As I sat in front of my computer deciding on a direction for this blog, the buzz of the Iowa Caucus information on TV reminded me of a somewhat famous politician in my family, Clarence Sloan. Uncle Clarence was married to my Grandma’s older sister Annie and years before I knew him as a gentle soul who spoiled us rotten, Uncle Clarence was a politician! Evidently Uncle Clarence was a bit of a character and earned the nickname “Mountain Lion” for his rather outspoken ways.
In 1924 Uncle Clarence (Mountain Lion) first ran for the South Carolina House of Representatives and won! He was the voice for the mill people or working class of the region, although he was a farmer by trade, He stumped wherever he could find a crowd on the street, cafes and yes even cockfights. He promised voters that: “if I am elected, I am going down there (Columbia) and get mine and if there’s any left after I get mine, you all can have it.” Well if nothing else Mountain Lion was honest! How refreshing!
Later Mountain Lion also served in the State Senate from 1932-36 and that campaign included a fistfight with a fellow opponent. From the information I have found on his time in public service Mountain Lion was considered a colorful and dedicated elected official. Perhaps what was most striking about Mountain Lion were his strong beliefs and his willingness to voice them. Very much the epitome of a staunch Southern Baptist, Mountain Lion voted vociferously against legalizing liquor sales. He was also a bit puritanical as he was a very vocal opponent of public swimming pools. A quote from his platform in 1924 stated:
“I believe in outlawing liquor because it’s bad, and I believe in outlawing swimming pools because they’re bad. I am against them and will do all I can to put them out of business. How a man could let his wife go to one with a crowd in which there are other men and still live with her, is more than I can see.”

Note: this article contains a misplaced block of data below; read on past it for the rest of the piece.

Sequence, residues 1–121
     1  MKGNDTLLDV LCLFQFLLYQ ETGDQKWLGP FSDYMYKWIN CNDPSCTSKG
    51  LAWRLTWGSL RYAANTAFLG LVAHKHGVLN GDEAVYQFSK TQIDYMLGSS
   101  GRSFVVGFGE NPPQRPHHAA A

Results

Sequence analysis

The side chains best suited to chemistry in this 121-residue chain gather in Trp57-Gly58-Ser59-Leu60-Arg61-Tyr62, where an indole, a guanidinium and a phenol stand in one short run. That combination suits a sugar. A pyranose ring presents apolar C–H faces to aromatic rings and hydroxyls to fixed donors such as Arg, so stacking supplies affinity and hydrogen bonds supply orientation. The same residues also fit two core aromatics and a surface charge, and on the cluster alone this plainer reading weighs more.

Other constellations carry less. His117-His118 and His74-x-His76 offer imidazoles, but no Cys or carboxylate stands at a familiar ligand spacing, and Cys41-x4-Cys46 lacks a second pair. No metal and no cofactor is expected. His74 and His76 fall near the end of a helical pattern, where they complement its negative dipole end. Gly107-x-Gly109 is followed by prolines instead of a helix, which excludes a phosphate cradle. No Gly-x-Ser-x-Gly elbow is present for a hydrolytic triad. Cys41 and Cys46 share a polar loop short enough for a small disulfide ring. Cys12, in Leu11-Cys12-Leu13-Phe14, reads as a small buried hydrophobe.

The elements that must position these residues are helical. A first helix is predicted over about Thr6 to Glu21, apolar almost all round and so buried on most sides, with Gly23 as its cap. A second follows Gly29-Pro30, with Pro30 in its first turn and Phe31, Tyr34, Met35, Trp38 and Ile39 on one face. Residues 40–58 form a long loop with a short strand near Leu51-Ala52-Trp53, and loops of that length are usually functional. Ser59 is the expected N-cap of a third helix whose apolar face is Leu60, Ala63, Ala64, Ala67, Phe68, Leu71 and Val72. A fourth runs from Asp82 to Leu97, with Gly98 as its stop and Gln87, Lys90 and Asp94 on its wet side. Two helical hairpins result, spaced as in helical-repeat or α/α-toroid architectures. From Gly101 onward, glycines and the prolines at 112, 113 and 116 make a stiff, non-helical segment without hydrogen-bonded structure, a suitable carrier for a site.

Mountain Lion may seem rough around the edges and a bit naïve, nonetheless as a public official he took the position very seriously. During his time in office he fought vigorously for local tax money to be spent within the county and opposed any additional regulation to be imposed on private citizens. For the mill workers, Mountain Lion supported legislation to require adequate ventilation, fire protection and regulated working hours in the textile mills. I think it is safe to say he took care of his constituents.
Colorful and boisterous, that was “Mountain Lion” Sloan in public office. To me, he was Uncle Clarence a gentleman farmer who was always happy to see me and my cousins come to visit! Uncle Clarence and Aunt Annie allowed us the run of the farm and offered us candy treats. The term Mountain Lion hardly seems to fit the kindly uncle I remember. However, I think his heart and principles were always in the right place!
Well, that’s all from Dark Corner today. Join us next time for a discussion about cold coffee drinks….yes even in the winter!